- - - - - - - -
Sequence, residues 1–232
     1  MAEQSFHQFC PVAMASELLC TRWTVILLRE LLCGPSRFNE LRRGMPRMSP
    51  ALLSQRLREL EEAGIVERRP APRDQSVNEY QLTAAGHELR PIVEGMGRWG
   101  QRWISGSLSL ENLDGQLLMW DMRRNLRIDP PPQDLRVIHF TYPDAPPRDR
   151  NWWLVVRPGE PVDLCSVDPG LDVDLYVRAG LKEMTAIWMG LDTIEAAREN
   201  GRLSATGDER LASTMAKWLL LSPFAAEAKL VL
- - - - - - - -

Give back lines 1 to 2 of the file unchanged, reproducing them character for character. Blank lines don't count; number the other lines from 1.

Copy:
Sequence, residues 1–232
     1  MAEQSFHQFC PVAMASELLC TRWTVILLRE LLCGPSRFNE LRRGMPRMSP